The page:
Medicare Liens and WV Personal Injury Claims
Charleston, WV — As a West Virginia personal injury lawyer, I know how important it is for a person who has been injured to recover compensation for their injuries as soon as possible. However, attorneys must now carefully consider all Medicare liens on their client’s personal injury claims. Medicare liens can limit an injured party’s settlement, and if not properly handled, Medicare liens can delay when a client receives his or her settlement check.
The United States District Court for the Northern District of West Virginia recently ruled that a plaintiff’s personal injury lawyer who did not timely reimburse Medicare after his client’s case had been settled may be held individually liable for the entire amount of the lien. See United States of America v. Paul J. Harris, Civil Action No. 5: 08CV102. The Harris case involved James Richea who was injured when he fell from a local retailer’s ladder. Mr. Richea retained attorney Paul J. Harris to pursue a premises liability claim against the retailer for his personal injuries. Medicare paid approximately $22,500 for Mr. Richea’s medical care resulting from the fall. Settlement negotiations ultimately resulted in the case settling for $25,000.
Once an agreement had been reached, attorney Harris contacted Medicare with the details of the settlement. Based upon the amount of the settlement, the amount of the original Medicare lien, and the other costs and expenses associated with the case, Medicare determined that it was owed approximately $11,000 from the proceeds of the settlement. By statute, attorney Harris had 60 days from the settlement to satisfy Medicare’s lien. When he failed to do so, the U.S. government filed suit against him, personally, for the entire amount of the lien, plus interest and costs.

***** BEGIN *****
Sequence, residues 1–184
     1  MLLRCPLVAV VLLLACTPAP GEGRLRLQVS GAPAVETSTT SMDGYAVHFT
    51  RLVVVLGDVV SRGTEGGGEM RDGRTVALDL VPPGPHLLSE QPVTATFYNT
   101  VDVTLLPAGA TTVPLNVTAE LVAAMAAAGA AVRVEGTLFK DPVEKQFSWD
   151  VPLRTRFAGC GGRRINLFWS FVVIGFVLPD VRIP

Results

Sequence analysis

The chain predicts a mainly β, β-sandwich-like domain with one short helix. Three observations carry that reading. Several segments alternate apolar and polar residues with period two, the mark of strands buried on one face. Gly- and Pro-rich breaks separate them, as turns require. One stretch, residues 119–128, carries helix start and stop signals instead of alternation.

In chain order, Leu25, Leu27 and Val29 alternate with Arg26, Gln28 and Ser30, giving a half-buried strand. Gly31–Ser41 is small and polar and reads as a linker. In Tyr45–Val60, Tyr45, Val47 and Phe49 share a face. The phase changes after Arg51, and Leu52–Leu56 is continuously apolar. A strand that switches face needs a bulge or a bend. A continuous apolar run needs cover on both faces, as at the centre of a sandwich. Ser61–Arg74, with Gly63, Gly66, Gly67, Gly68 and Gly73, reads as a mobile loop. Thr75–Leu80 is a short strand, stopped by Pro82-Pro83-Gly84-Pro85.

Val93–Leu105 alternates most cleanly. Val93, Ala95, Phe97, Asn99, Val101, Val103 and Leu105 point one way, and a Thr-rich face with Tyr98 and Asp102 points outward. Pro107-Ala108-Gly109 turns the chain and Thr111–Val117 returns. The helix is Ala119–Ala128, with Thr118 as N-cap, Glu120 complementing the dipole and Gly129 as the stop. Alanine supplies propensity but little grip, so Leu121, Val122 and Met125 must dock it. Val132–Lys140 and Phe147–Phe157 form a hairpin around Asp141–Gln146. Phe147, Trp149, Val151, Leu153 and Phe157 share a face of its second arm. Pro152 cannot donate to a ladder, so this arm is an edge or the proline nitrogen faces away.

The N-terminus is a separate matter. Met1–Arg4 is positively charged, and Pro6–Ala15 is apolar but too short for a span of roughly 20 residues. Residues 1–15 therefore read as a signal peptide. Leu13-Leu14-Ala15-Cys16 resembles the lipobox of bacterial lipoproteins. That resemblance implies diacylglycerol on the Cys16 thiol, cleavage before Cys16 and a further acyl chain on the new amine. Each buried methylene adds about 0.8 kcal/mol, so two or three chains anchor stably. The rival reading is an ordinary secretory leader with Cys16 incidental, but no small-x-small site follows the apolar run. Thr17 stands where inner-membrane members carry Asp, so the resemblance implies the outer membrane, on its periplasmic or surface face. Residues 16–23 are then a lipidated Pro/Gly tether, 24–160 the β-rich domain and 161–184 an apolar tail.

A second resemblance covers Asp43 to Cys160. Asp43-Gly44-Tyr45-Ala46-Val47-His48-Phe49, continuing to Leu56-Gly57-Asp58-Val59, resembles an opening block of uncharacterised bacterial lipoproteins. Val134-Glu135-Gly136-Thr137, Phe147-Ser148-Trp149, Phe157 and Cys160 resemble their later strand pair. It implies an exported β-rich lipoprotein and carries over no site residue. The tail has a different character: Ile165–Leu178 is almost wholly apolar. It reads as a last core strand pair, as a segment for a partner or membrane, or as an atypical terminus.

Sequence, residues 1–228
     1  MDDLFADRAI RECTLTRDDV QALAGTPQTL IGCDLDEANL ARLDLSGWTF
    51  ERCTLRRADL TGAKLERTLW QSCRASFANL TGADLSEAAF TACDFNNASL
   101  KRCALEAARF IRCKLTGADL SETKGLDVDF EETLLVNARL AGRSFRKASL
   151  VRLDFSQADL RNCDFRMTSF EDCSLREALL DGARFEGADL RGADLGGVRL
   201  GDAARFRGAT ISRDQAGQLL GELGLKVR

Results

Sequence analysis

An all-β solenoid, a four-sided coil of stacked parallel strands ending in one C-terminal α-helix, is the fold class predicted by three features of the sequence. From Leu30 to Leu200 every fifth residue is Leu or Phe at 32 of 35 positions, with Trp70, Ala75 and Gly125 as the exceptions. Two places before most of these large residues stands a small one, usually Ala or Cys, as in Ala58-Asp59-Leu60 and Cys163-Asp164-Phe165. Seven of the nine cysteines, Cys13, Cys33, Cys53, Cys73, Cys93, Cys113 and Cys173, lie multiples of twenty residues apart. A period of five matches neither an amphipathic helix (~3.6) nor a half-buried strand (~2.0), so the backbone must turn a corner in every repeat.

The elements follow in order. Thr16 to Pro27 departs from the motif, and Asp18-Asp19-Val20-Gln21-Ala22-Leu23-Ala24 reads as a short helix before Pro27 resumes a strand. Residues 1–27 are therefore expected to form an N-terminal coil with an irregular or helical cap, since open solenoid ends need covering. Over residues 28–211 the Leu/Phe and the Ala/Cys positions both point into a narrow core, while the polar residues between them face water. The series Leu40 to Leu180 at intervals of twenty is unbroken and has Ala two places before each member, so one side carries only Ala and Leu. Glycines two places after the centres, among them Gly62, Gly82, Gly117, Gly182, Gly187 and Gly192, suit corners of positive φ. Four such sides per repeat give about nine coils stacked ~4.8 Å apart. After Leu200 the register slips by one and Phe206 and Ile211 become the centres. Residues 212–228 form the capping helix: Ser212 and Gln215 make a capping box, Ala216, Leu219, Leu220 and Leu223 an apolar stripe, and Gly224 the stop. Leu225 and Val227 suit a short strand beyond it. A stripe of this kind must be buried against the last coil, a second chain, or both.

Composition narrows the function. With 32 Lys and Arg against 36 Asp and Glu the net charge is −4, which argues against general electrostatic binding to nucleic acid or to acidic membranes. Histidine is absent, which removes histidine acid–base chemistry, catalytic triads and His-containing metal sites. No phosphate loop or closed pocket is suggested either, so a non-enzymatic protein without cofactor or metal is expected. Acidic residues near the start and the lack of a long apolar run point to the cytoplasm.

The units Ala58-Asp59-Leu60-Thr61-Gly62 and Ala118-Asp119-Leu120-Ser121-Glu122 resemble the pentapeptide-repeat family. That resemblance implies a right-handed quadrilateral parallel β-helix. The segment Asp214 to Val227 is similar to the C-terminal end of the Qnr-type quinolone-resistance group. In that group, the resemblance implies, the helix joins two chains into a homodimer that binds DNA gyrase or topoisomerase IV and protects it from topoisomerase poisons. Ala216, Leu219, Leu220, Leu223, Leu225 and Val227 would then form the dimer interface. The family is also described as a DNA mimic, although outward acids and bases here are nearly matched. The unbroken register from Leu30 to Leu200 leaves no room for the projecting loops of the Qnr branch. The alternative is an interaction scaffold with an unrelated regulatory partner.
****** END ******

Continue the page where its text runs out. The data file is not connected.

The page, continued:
Attorney Harris filed a Motion to Dismiss, pursuant to FRCP 12 (b) (6), asserting that a lawyer cannot be held individually liable under 42 U.S.C. 1395 (b) (2) for unpaid Medicare liens when he distributes a client’s settlement funds with the prior knowledge and consent of the government. Because he had forwarded the details of the settlement to Medicare before disbursing the settlement funds to his client, attorney Harris argued that he could not be held individually liable for the lien.
The U.S. District Court for the Northern District of West Virginia disagreed, and denied attorney Harris’s Motion to Dismiss. The Court ruled that the Medicare Secondary Payer Statute (“MSPS”) gives the government the right to enforce its lien against the injured party’s attorney. Because the government is authorized by statute to recover such payments from any entity, including an injured party’s attorney, the U. S. District Court denied Attorney Harris’s Motion to Dismiss. The court didn’t consider Medicare’s knowledge and consent of the settlement distribution to justify attorney Harris’s Motion to Dismiss.
This case serves as a reminder of just how serious lawyers and claimants must treat Medicare and Medicaid liens. What this means for the non-lawyers and those who have been injured is that even though your case may have settled, there still may be a slight delay before you receive your funds while your attorney resolves any outstanding Medicare liens. There shouldn’t be too much delay however because an effective personal injury lawyer will likely work with Medicare while negotiating with the defendant. This will allow your attorney to know exactly how much Medicare is owed once a settlement or verdict is reached. Your lawyer should then be able to distribute funds to you in a timely fashion, if not immediately.